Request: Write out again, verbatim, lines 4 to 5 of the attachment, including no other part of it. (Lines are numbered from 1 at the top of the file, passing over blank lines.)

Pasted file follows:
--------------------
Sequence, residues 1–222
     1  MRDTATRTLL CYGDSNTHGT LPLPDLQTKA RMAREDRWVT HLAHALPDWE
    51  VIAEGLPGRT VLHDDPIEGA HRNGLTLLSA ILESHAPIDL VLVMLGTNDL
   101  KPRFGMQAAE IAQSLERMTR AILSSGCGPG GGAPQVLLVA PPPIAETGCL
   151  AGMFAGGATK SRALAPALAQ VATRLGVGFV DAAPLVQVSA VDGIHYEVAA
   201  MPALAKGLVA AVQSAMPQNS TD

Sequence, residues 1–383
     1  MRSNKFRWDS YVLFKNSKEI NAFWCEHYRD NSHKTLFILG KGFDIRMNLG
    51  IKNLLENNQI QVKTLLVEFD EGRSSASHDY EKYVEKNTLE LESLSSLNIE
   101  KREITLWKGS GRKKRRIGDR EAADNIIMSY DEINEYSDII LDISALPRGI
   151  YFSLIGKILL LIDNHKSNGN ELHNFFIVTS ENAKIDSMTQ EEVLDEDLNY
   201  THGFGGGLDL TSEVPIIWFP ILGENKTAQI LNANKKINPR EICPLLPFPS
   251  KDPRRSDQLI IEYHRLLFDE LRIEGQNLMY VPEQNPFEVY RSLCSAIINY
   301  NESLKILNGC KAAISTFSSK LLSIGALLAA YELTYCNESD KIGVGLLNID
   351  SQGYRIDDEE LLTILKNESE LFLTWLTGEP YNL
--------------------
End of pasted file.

   101  KPRFGMQAAE IAQSLERMTR AILSSGCGPG GGAPQVLLVA PPPIAETGCL
   151  AGMFAGGATK SRALAPALAQ VATRLGVGFV DAAPLVQVSA VDGIHYEVAA